Weakening Santa Ana winds Monday gave firefighters in Santa Barbara and the greater Los Angeles area a chance to catch their breath after a hellish weekend of wildfires left nearly 1,000 homes destroyed in four counties.
According to the California Dept. of Forestry and Fire Protection, the Tea Fire – which first ignited in the hills above Montecito Thursday evening – is now 100 percent contained. The blaze has burned 1,940 acres and destroyed 210 homes.
With the fire extinguished in Montecito, investigators have begun looking into its cause. Officials have determined the Tea Fire was human caused, though they have yet to pin down any specifics.
One spokesman for the state fire agency was quoted saying “all accidental causes” had been eliminated, leaving only an intentional act of arson as a possible cause. County fire officials, however, have not confirmed this.
Investigators are currently looking into any activity near the epicenter of the fire – an area known as the Tea Garden. County Fire officials have asked anyone with information to contact their offices.
Further to the south, in northern Los Angeles and eastern Orange counties, thousands of firefighters continue to battle two considerably larger fires that broke out late Friday and Saturday. Combined, the Sayre Fire and Freeway Complex Fire have burned nearly 40,000 acres, according to CAL FIRE.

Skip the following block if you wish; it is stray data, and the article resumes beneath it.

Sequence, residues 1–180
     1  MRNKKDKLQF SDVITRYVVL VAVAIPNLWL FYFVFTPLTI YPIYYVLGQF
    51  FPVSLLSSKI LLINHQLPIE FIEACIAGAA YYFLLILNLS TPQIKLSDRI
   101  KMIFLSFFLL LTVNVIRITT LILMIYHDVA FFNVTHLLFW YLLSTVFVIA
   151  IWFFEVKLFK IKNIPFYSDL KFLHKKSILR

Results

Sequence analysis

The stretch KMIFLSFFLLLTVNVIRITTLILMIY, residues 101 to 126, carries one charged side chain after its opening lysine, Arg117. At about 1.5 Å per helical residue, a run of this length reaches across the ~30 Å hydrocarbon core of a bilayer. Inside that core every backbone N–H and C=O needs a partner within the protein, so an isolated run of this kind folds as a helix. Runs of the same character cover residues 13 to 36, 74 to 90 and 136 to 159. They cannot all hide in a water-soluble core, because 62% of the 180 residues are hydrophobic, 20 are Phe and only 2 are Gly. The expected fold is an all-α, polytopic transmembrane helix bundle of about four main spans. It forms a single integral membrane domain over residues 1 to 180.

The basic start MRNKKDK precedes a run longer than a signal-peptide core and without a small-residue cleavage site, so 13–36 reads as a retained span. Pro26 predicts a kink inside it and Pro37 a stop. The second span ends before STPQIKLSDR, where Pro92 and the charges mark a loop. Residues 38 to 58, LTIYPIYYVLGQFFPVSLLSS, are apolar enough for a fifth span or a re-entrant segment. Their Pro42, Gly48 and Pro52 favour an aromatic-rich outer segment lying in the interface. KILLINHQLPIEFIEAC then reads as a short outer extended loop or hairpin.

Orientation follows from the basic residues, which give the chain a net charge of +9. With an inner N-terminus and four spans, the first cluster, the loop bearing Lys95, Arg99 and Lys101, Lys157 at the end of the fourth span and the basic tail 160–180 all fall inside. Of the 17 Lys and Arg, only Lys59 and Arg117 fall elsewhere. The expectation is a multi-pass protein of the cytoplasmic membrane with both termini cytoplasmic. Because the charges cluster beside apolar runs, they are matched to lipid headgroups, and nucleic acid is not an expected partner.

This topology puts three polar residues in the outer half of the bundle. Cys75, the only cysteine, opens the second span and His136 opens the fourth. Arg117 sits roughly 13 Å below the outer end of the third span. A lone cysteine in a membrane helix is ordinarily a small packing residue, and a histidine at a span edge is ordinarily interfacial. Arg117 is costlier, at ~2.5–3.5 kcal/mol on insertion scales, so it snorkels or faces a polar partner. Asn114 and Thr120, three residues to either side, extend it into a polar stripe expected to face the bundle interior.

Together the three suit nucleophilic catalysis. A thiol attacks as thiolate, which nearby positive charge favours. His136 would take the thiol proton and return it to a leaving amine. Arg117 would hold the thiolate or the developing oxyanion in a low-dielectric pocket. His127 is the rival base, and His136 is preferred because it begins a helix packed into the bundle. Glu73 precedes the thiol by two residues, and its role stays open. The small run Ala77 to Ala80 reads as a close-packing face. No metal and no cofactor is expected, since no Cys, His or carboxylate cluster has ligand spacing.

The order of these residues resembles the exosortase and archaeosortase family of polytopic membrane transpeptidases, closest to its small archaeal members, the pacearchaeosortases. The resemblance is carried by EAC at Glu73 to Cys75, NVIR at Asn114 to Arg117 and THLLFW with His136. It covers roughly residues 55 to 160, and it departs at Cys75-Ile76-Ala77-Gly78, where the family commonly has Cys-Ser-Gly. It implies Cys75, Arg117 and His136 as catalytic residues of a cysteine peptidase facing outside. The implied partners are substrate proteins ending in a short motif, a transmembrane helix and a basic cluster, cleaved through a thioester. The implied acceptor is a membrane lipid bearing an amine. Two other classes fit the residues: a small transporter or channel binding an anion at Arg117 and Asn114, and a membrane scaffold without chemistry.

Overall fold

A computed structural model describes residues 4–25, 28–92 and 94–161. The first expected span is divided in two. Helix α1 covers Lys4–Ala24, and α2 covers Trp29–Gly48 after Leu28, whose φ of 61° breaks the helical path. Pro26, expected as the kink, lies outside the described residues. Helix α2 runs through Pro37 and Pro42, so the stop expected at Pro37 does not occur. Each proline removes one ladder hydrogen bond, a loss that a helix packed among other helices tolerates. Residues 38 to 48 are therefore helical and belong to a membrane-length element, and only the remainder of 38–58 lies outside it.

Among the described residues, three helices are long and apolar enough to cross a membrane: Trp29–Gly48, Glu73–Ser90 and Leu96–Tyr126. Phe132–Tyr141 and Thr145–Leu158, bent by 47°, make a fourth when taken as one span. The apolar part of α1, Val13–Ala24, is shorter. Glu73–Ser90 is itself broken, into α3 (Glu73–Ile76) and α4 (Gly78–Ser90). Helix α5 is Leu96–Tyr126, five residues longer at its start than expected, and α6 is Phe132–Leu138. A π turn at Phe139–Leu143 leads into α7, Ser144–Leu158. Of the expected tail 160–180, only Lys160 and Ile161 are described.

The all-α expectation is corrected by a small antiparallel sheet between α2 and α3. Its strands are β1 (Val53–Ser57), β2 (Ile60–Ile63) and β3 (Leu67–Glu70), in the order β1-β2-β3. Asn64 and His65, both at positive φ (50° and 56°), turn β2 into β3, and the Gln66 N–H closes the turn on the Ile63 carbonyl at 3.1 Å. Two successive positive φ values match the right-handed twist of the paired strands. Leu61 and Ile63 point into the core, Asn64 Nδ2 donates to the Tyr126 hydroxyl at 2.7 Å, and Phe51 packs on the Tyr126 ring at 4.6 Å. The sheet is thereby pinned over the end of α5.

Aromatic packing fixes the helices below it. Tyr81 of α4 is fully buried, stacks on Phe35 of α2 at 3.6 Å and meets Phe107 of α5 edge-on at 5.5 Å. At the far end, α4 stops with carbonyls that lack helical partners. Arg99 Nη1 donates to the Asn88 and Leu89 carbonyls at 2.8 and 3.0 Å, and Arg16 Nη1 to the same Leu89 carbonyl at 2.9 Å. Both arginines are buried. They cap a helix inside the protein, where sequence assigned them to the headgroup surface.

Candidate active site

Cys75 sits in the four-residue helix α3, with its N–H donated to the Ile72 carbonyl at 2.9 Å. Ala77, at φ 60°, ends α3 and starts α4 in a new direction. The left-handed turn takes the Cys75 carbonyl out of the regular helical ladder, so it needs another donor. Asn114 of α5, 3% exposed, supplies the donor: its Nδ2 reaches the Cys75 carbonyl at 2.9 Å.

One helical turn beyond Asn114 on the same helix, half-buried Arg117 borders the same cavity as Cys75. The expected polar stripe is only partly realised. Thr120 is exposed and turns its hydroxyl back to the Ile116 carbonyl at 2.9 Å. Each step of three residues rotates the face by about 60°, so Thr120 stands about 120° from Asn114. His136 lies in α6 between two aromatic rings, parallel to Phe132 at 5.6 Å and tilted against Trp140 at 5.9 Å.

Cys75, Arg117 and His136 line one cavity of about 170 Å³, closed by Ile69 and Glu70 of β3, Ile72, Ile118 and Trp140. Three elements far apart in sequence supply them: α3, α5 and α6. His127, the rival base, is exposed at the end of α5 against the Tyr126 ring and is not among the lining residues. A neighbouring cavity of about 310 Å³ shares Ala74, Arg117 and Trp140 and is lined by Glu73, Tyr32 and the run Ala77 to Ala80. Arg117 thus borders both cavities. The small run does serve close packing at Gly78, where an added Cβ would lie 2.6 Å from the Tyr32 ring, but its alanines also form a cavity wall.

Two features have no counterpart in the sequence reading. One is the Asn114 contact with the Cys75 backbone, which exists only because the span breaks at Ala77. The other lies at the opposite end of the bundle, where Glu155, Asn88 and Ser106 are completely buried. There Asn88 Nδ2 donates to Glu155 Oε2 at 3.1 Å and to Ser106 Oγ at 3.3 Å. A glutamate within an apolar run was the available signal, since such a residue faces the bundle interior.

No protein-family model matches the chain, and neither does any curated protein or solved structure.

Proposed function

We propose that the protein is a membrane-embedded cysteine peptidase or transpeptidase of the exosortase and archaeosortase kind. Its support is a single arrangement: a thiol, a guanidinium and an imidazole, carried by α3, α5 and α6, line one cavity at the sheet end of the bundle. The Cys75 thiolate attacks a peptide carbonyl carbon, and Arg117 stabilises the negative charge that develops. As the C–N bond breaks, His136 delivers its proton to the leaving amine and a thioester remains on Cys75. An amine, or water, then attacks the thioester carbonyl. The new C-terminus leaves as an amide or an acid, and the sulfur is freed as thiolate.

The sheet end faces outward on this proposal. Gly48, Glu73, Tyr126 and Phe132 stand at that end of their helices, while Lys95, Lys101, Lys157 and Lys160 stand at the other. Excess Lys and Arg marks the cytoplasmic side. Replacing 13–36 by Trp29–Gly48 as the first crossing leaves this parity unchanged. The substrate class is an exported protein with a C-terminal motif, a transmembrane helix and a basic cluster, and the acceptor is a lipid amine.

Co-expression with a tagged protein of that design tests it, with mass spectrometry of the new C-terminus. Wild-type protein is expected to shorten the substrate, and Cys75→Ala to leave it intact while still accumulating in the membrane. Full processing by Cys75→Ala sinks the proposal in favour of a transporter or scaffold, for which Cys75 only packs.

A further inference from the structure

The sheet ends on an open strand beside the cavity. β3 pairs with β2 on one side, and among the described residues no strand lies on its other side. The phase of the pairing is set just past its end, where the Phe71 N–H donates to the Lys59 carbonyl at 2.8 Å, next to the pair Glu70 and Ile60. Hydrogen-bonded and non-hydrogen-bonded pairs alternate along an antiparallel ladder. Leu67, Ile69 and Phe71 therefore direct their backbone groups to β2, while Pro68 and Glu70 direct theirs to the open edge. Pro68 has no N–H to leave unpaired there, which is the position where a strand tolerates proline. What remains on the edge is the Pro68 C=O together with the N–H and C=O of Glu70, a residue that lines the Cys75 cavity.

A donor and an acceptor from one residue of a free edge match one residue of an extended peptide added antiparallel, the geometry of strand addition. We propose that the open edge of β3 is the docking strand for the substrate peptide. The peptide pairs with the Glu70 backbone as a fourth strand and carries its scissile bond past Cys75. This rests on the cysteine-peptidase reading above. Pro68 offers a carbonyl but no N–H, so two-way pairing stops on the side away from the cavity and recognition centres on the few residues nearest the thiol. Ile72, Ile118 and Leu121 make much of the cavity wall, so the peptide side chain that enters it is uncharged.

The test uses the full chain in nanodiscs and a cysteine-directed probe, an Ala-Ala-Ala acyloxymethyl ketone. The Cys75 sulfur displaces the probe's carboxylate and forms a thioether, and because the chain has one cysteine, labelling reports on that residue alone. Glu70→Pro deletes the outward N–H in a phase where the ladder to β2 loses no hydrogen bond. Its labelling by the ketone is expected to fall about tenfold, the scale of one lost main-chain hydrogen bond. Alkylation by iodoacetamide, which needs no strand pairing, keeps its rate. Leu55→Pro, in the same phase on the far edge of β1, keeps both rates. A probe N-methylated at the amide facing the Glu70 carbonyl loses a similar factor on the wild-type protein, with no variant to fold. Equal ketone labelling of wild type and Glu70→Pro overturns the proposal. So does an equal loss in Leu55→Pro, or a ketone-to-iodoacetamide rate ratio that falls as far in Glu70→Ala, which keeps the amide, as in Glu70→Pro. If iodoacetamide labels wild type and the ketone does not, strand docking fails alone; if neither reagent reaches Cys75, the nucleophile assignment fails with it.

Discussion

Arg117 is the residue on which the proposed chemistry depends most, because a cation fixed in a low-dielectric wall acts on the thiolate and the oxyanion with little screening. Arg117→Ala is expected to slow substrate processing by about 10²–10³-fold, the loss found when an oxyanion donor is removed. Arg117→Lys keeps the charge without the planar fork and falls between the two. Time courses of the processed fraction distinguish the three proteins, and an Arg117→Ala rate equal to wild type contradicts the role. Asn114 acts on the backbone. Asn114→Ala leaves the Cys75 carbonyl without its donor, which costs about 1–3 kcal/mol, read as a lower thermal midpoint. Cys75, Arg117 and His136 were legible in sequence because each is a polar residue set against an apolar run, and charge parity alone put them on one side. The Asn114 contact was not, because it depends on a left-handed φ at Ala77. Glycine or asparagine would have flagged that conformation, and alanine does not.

The Sayre Fire – which has already been called one of the worst fires to ever strike Los Angeles County – started at approximately 10:29 p.m. Friday near the town of Sylmar, east of Simi Valley. Driven by near hurricane-force winds, the fire spread rapidly, burning a total of 615 houses as it went. Included in that total was a community of nearly 500 mobile homes that was completely decimated by the flames.
Less than 24 hours later, at 9:01 p.m. Saturday, a third wind-driven fire burst into flames in Riverside County. Dubbed the Freeway Complex Fire, the blaze has since spread to Orange County and, in two days, has burned 28,889 acres and 155 structures, a majority of which are private residences.
A reprieve from the infamous Santa Ana winds Monday allowed firefighters to gain the upper hand on the two most recent blazes. The most progress was made by the 3,700 firefighters battling the Freeway Complex Fire, which was completely uncontained midday Sunday, but is now 60 percent contained, according to CAL FIRE.
Despite the calmer winds, fire officials are still concerned with the unseasonably high temperatures and low humidity affecting the region – both of which work against firefighters. Temperatures across Los Angeles County hovered around 90 degrees over the weekend, with some areas of the county recording record highs for this time of year.
Adding to the list of concerns, California is also dealing with a protracted drought which has left much of the vegetation is southern California exceedingly dry – the perfect conditions for brush fire.
The estimated cost for fighting the Tea Fire is currently at $4.9 million, and the Sayre and Freeway Complex Fires are currently estimated at $3.5 million and $4.8 million, respectively. These fires are still largely uncontained, however, and will no doubt prove more expensive.
Gov. Arnold Schwarzenegger has declared a state of emergency for all four counties affected, meaning most of the costs of fighting the blazes will fall on the state instead of cash-strapped county governments.